US energy giant Chevron on Thursday won Australian government approval for its multi-billion dollar Wheatstone liquefied natural gas (LNG) project, but with strict environmental conditions.
The nod clears one of the final hurdles before construction of the plant, which will consist of two processing units with a combined capacity of 8.9 million metric tons of LNG a year.
It is scheduled to start production in 2016.
Environment Minister Tony Burke said 70 conditions would apply to the project, off Western Australia's Pilbara region.
They were intended to help protect threatened and migratory species such as dugongs, marine turtles, sawfish, dolphins and whales, as well as the general marine environment.
"Chevron will be required to submit for my approval a range of plans and programmes detailing how the project impacts on protected matters will be minimised," Burke said.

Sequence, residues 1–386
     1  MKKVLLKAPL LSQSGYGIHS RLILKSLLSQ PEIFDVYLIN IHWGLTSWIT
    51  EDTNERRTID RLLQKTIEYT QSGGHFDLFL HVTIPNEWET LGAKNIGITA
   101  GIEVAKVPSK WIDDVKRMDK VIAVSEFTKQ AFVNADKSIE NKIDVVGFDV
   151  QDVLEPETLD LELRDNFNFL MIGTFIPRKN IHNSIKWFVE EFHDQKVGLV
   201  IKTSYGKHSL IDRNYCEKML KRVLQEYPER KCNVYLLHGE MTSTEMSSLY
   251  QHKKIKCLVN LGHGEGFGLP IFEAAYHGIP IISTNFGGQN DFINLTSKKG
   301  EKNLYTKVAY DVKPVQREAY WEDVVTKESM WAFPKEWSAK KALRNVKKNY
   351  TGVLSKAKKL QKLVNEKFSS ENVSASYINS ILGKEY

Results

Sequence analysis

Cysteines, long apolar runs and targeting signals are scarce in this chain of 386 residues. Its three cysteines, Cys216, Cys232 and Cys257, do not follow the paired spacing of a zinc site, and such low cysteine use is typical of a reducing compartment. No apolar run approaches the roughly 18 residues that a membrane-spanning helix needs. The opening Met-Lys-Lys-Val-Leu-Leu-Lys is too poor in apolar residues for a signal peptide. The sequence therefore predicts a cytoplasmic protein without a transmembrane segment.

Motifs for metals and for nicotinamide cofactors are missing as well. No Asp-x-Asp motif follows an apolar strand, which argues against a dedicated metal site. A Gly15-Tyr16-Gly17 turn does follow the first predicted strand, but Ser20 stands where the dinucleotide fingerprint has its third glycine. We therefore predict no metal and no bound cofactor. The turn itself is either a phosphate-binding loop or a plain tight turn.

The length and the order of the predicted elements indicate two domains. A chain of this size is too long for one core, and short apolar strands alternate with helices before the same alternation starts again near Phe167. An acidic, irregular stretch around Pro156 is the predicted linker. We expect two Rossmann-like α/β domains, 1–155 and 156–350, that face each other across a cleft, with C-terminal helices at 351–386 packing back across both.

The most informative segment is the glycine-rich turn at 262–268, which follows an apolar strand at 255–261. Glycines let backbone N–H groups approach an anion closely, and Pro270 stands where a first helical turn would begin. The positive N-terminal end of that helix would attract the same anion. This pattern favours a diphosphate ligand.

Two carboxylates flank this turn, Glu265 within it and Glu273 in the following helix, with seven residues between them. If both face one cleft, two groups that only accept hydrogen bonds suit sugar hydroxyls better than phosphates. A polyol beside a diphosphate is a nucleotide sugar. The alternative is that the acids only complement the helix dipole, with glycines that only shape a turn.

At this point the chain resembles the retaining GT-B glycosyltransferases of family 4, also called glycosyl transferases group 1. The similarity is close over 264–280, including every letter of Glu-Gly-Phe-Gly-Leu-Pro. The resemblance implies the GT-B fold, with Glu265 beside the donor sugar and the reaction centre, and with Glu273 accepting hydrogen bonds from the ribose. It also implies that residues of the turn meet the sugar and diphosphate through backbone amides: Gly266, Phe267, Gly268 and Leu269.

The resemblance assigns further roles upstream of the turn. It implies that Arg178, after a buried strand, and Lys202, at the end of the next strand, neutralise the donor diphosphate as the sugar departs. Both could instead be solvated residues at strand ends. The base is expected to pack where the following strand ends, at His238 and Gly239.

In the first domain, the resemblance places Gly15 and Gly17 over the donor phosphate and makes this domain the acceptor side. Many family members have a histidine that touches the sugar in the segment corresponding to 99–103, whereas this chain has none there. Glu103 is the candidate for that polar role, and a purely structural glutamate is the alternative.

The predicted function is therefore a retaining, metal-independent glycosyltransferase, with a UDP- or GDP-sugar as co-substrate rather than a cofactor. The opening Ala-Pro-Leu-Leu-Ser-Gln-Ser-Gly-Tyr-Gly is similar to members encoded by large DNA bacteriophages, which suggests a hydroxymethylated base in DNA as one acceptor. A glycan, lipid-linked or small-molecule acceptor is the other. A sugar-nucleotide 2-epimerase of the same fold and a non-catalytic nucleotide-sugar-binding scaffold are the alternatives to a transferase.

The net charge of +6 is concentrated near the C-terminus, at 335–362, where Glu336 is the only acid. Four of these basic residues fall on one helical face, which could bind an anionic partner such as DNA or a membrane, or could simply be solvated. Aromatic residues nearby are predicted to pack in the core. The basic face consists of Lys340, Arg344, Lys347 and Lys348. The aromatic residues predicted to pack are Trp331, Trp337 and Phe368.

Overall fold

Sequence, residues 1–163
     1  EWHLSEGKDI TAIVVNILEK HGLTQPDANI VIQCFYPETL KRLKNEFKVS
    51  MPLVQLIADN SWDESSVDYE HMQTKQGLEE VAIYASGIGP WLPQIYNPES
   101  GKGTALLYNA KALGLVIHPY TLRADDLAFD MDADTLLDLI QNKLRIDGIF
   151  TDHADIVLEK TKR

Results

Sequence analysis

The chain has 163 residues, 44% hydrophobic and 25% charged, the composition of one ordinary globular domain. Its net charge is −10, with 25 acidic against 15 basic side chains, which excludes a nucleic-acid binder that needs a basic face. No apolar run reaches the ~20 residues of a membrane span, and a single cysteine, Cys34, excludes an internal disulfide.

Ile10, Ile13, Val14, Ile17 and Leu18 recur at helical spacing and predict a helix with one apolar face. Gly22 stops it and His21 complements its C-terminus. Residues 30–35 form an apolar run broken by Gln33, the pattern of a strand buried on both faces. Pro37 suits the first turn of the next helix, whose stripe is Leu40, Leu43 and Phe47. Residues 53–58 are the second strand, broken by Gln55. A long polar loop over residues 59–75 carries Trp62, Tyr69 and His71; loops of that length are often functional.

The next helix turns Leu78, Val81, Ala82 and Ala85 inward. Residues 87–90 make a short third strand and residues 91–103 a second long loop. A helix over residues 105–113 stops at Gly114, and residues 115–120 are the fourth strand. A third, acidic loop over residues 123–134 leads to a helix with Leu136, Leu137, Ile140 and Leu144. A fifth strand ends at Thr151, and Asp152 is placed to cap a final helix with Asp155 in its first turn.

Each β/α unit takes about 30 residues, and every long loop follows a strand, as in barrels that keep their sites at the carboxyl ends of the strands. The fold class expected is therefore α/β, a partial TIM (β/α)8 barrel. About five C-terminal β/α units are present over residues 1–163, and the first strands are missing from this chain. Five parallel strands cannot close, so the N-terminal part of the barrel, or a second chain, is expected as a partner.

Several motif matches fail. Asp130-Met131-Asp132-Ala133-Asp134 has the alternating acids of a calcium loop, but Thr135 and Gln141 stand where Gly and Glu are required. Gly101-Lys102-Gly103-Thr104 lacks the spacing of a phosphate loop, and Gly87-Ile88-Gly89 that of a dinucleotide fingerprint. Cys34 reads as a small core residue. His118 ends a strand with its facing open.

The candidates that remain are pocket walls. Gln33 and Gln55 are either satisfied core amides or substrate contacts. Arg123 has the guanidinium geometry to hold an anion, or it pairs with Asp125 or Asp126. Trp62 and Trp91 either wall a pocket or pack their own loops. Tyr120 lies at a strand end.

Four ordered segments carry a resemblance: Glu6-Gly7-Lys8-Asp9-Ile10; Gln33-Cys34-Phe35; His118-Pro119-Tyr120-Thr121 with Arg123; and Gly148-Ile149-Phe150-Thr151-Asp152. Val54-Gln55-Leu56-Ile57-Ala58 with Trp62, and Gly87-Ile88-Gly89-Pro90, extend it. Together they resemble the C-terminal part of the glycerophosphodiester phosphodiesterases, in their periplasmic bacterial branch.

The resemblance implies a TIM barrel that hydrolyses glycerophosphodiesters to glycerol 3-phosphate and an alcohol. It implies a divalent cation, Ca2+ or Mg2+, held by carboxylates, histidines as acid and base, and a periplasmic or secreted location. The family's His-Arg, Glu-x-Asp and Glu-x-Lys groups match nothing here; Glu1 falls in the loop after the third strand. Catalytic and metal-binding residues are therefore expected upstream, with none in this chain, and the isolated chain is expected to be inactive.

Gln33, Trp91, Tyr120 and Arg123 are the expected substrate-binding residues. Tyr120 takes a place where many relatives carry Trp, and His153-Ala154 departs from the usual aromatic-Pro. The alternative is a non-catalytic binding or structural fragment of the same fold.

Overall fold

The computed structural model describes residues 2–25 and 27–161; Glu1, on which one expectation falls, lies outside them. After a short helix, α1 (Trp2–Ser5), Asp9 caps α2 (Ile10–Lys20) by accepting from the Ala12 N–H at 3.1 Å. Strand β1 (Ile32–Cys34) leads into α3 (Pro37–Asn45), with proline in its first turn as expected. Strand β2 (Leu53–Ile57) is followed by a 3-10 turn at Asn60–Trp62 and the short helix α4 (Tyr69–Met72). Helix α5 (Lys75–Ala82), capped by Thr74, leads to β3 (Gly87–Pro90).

"For example, dredging operations will be optimised to protect dugong, marine turtles and their habitat, and dredging can only take place outside the coral-spawning period."
Chevron must also develop a programme to manage discharge from both onshore and offshore infrastructure and accommodation facilities.
A final investment decision to proceed with the project is expected later this year.
Melody Meyer, president of Chevron Asia-Pacific, welcomed the decision, saying it would help "meet long-term demand growth for cleaner burning fuel in the Asia-Pacific region".
Already among among the world's biggest LNG exporters, Australia has given the green-light to a number of massive multibillion-dollar gas projects, hoping to tap into the burgeoning green energy market.
Wheatstone is a joint venture between Chevron (73.6 percent), Apache (13 percent), Kuwait Foreign Petroleum Exploration Company (7.0 percent) and Royal Dutch Shell (6.4 percent).